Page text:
A contemporary of Elvis Presley in the Memphis scene of the mid-'50s, Johnny Burnette played a similar brand of fiery, spare wildman rockabilly. With his brother Dorsey (on bass) and guitarist Paul Burlison forming his Rock 'n' Roll Trio, he recorded a clutch of singles for Decca in 1956 and 1957 that achieved nothing more than regional success. Featuring the groundbreaking fuzzy tone of Burlison's guitar, Johnny's energetic vocals, and Dorsey's slapping bass, these recordings -- highlighted by the first rock & roll version of "Train Kept A-Rollin'" -- compare well to the classic Sun rockabilly of the same era. The trio disbanded in 1957, and Johnny found pop success as a teen idol in the early '60s with hits like "You're Sixteen" and "Dreamin'." Burnette died in a boating accident in 1964. His brother Dorsey achieved modest success as a solo act in the early '60s, and Burlison resurfaced as a member of the Sun Rhythm Section.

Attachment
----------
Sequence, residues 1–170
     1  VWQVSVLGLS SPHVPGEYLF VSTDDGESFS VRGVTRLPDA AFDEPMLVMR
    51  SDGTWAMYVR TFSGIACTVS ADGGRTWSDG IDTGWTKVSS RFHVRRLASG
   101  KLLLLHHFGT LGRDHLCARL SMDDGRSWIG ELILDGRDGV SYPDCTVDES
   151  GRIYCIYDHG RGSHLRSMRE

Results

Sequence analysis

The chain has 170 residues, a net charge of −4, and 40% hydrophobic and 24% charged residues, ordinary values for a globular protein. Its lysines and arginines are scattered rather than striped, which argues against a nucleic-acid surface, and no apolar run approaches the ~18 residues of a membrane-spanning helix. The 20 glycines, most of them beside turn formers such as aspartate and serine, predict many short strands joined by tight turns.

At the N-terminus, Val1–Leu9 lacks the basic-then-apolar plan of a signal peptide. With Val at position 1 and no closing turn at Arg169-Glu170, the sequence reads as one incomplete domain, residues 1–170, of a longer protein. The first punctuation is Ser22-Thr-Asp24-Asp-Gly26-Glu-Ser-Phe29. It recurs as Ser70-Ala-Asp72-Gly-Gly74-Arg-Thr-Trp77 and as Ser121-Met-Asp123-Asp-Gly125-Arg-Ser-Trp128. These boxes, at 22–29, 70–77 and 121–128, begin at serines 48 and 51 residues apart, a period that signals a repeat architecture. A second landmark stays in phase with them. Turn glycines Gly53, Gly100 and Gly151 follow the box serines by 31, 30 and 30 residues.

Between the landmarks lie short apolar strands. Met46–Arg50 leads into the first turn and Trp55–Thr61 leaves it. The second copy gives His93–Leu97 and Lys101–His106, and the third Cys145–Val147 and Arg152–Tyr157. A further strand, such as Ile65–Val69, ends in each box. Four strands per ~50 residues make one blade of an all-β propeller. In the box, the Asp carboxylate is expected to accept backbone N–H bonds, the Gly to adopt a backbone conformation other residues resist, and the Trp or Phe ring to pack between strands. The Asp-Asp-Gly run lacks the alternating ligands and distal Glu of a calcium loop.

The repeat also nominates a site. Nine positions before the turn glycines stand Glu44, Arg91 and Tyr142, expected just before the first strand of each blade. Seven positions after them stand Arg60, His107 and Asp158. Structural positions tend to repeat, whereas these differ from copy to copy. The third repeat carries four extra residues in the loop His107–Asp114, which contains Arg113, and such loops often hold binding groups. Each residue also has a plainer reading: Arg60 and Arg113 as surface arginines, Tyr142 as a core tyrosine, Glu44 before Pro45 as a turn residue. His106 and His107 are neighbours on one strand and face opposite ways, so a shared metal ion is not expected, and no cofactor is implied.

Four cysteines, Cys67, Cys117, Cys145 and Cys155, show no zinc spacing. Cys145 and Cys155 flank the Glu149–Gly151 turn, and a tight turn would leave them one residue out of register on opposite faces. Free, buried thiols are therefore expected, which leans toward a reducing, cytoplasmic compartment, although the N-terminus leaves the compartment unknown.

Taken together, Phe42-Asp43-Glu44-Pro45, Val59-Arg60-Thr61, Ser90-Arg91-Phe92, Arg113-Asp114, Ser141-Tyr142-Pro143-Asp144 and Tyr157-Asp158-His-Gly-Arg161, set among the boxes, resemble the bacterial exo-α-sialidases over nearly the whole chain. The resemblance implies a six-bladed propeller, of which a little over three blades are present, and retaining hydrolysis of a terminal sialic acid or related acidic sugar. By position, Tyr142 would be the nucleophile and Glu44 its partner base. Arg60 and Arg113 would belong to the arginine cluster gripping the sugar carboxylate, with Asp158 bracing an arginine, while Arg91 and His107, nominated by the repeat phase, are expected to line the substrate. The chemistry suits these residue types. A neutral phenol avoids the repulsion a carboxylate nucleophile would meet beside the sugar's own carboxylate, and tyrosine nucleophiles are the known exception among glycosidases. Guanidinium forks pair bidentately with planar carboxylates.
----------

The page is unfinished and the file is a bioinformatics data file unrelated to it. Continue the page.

Me And Bobby McGee/Mercedes Benz/Cry Baby/Half Moon
Janis Lyn Joplin (January 19, 1943 – October 4, 1970) was an influential American singer of the 1960s; her raw, powerful and uninhibited singing style, combined with her turbulent and emotional lifestyle, made her one of the biggest female stars in her lifetime. She died of an accidental drug overdose in 1970, aged 27, after releasing three albums. A fourth album, Pearl, was released a little more than three months after her death, reaching number 1 on the charts.
Joplin rose to fame in 1967 during an appearance at Monterey Pop Festival, as the lead singer of the then little-known San Francisco psychedelic rock band Big Brother and the Holding Company. After releasing two albums with the band, she left Big Brother to continue as a solo artist with her own backing groups, first the Kozmic Blues Band and then the Full Tilt Boogie Band. She appeared at the Woodstock festival and the Festival Express train tour. Five singles by Joplin went into the Billboard Top 100, including "Me and Bobby McGee", which reached number 1 in March 1971. Her most popular songs include: "Piece of My Heart"; "Cry Baby"; "Down on Me"; "Ball 'n' Chain"; "Summertime"; and "Mercedes Benz", the final song she recorded.